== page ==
Summit in Yerevan: Nothing to say to Lukashenka after "Godbatka"
In the films of Russian TV the Belarusian ruler is showed not simply as a dictator, but as a head of a criminal clan, mass media remind.
On Friday an informal CSTO summit starts its work in Yerevan. Its main topic is the situation in Kyrgyzstan and in the region in general. The prospects of the possible meeting of Russian and Belarusian presidents cause the greatest interest however. The somewhat clouded relationship of the tow countries have been aggravated by the informational war which continues the whole summer, "Nezavisimaya gazeta" writes.
Minsk believes that the scandalous "Godbatka" series at NTV channel is a serious reason to have a grouch against Moscow. Creators of the film told about individual and limitless power of the unchangeable Belarusian leader, about abducted politicians, businessmen and journalists, about absence of democracy and corruption rampancy in Belarus. Sources in Belarus believe that special attention should have been caused by "Godbatka-3" film, as it tells about Lukashenka’s family, and Lukashenka is presented not simply as an authoritarian president, but a head of a criminal clan.
Local experts supposed that after screening of compromising films Lukashenka would withdraw his participation in the CSTO summit in Yerevan. However, as the press-service of Armenian president reported on Wednesday, Lukashenka was the first to arrive to Yerevan "on a private visit".
Experts in Minsk incline to an opinion that Lukashenka is set to meet with his Russian counterpart in Yerevan. "His official visit to Armenia is planned for this time. He would like to make it up probably," a Belarusian political analyst Valery Karbalevich supposed. Lukashenka needs to mend his fences before the elections in late 2010 – early 2011.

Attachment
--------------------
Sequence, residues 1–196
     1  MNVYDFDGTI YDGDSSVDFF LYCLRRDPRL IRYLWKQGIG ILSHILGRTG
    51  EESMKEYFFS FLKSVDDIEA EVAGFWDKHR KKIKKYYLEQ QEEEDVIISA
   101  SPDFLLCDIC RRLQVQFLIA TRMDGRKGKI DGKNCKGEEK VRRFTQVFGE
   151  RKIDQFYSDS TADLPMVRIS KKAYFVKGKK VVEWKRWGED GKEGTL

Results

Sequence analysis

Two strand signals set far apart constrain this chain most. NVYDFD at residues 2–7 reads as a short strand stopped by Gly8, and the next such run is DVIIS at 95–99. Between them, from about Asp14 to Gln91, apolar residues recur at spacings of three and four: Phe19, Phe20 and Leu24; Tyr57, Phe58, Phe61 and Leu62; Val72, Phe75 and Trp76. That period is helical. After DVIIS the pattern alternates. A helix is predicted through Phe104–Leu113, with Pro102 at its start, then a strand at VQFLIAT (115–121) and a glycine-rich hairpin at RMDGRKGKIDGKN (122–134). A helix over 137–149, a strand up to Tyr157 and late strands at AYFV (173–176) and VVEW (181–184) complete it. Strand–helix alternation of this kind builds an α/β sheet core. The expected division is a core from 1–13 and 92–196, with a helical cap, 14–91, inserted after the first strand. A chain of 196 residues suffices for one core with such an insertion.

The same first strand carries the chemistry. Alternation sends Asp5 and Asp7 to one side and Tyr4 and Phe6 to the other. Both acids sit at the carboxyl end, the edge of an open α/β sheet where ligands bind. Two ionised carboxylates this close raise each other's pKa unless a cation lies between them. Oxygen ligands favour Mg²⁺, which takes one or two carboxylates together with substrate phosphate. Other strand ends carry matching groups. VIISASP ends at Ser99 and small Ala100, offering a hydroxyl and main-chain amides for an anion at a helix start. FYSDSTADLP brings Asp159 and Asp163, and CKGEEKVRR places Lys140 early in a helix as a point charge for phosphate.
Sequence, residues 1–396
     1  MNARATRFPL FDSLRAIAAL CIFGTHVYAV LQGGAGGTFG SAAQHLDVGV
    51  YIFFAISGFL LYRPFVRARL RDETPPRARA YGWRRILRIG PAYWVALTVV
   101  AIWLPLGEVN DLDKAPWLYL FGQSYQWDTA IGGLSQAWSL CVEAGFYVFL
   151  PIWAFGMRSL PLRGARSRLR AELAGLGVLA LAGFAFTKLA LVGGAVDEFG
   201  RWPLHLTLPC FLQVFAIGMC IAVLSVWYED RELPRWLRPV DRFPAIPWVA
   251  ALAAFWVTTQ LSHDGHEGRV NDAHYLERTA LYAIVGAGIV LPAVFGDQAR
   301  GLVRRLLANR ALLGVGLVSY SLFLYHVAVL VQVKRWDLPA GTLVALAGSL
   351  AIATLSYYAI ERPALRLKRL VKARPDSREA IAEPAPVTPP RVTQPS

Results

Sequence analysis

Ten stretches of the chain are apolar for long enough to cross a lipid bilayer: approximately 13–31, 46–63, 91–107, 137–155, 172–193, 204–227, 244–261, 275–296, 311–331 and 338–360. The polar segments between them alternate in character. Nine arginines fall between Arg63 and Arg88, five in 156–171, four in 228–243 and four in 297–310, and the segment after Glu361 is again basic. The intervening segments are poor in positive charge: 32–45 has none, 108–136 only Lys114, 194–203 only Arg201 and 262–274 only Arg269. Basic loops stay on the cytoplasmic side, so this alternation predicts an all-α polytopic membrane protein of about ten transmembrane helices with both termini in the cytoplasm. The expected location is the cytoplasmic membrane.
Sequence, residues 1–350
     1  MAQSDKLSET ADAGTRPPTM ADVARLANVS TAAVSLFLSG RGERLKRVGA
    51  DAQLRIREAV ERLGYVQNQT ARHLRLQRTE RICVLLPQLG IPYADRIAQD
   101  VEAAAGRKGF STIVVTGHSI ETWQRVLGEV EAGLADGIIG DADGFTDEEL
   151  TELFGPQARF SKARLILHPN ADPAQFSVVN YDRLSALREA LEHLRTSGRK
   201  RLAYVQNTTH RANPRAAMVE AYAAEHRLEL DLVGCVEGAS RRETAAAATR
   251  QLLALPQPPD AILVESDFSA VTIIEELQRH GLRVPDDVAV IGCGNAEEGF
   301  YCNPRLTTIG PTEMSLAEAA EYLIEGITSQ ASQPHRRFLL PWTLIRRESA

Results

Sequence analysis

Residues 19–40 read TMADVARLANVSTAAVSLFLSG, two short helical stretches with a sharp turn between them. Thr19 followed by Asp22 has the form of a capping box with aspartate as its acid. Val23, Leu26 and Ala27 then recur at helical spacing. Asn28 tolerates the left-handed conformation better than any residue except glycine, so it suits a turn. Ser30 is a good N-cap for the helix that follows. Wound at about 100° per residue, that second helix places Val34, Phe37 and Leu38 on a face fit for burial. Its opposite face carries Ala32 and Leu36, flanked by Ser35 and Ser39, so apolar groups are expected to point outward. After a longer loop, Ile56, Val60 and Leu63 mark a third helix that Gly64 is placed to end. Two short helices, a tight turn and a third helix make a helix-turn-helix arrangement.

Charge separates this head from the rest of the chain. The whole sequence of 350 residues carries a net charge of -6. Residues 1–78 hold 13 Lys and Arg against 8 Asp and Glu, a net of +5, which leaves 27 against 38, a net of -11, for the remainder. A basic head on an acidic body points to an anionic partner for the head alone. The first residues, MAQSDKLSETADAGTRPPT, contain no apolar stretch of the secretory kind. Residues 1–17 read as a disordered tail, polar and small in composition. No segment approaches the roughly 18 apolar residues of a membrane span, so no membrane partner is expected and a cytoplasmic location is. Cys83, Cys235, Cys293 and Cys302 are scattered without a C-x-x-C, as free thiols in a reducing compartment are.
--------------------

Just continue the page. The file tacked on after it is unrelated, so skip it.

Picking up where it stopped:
The peculiarity of the Belarusian regime is that after dropping of Lukashenka’s rating won’t influence the outcome of the presidential elections, as they are held with numerous violations, as international experts had stated many times. However, economic problems could lead to Lukashenka’s failure to fulfil his promises concerning salaries, and it is more important for voters than charges relating absence of democracy, which had not ever been familiar in Belarus.
However most experts are inclined to think that chances of the Belarusian leader to patch up relations Russia are negligibly small. At least, mere promises won’t be enough now.
Recently the informational war between Russia and Belarus has reached the point of direct bilateral accusation by the authorities. The result of such "an exchange of niceties" could become Medvedev’s boycotting Lukashenka at the upcoming summit in Yerevan, "Kommersant" writes. It is rumoured that the Kremlin is looking for a substitution to Lukashenka.
In an interview to "Belorusskiye novosti" an observer Raman Yakauleuski attracted attention to the fact that the meeting in Armenian capital has informal nature, and documents won’t be signed there, so the greatest part of the meeting would stay behind the scenes.
The analyst supposes that Lukashenka could have arrived to Yerevan earlier to ask his Armenian colleague to organize a meeting with Dmitry Medvedev. On the other hand, after the three parts of the Russian documentary about the Belarusian president and an avalanche of negative articles about him in leading mass media of Russia, what else could be said by one president to the other?
Everyone is looking forward to a new episode, and this episode would not be about reconciliation, Yakauleuski believes.